Effects of indoor and outdoor noise on residents annoyance and blood pressure – Park Sang Hee
300 residents aged between 20 and 60 took part in this study. All had normal blood pressure and did not take blood pressure medication. The study assessed how annoyed they were by both indoor and outdoor noise and whether this annoyance affected their blood pressure.
It was found that those who rated noise annoyance higher did so for both indoor and outside noise so they may have been more sound sensitive. The more annoyance people felt by noise the higher their blood pressure was. It did not matter if this was indoor or outdoor noise
Acoustics in operating theatres with modular building technique – Maria Quinn
Maria’s presentation started by showing the high sound levels in hospital including the sound level in operating theatres which are extremely noisy spaces. She showed that whilst the Swedish standard SS25268 sets a maximum reverberation time of 0.6 seconds the developers of the increasingly popular modular operating theatres did not appear to know or account for this. In her study the aim was to affect a modular building by adding a 40mm thick sound absorber to the ceiling to meet the 0.6 second requirement. The sound absorbent ceilings had to meet infection control requirements and because of the structure of the space absorption could not be added to the walls. Based on two different designs and size of theatre space (65m2 and 105m2) , T20 and C50 were measured to give a reverberation time and speech clarity, so a perceivement of how sound was actually felt in the space.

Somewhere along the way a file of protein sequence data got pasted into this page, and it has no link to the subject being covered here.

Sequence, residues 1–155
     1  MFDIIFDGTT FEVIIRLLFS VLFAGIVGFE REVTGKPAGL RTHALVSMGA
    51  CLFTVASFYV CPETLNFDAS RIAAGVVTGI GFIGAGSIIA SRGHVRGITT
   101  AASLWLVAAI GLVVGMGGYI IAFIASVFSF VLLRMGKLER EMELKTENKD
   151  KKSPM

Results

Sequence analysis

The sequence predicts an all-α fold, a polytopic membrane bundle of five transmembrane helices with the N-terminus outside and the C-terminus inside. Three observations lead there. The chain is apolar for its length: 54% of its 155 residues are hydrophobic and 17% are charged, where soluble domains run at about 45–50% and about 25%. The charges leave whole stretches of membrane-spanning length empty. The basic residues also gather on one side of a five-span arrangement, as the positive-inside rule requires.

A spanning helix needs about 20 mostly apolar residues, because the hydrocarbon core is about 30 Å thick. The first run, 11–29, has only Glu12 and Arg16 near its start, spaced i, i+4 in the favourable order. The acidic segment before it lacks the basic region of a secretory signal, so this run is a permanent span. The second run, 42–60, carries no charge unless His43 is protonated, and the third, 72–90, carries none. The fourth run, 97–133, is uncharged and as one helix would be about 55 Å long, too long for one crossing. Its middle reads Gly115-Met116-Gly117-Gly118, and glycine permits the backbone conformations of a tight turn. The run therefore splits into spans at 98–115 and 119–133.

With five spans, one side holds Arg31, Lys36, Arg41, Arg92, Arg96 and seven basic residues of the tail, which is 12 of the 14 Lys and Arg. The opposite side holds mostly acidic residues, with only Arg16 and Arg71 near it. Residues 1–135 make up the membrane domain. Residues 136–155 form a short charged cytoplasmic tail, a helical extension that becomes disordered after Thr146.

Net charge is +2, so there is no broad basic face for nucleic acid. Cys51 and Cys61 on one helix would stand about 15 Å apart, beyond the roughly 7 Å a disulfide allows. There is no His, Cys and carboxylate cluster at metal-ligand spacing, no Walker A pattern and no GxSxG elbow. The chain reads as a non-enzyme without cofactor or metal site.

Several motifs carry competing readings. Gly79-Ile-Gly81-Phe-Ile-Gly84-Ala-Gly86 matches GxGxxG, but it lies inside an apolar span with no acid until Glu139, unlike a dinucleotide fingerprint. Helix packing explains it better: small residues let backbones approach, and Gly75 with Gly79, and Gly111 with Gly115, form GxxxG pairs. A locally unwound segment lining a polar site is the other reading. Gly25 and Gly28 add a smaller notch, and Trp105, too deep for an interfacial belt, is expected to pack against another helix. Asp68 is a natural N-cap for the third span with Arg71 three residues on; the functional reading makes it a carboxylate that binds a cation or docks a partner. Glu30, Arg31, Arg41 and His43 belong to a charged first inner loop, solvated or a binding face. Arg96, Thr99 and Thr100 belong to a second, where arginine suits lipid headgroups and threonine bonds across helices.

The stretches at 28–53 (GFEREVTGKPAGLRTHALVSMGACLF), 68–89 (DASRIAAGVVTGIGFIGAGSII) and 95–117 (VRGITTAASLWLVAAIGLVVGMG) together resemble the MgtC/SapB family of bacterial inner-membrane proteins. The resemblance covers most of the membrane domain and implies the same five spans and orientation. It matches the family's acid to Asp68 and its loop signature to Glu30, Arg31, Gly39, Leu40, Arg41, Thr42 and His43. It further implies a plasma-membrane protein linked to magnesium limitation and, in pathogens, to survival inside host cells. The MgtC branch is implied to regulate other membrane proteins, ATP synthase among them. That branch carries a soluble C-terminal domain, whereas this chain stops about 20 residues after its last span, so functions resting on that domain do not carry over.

It was found to be really difficult to achieve 0.6 seconds reverberation time in the larger space and speech frequencies were a specific problem. So the decision was made to add an additional 50mm bass frequency absorber to the back of the ceiling. This had a significant reducing the reverberation time form 0.9 seconds to the 0.6 seconds required by the standard and showed an improvement in speech clarity. Read more about the project here.
For more information about the session and Building Acoustics and Health, please contact Andrea Harman.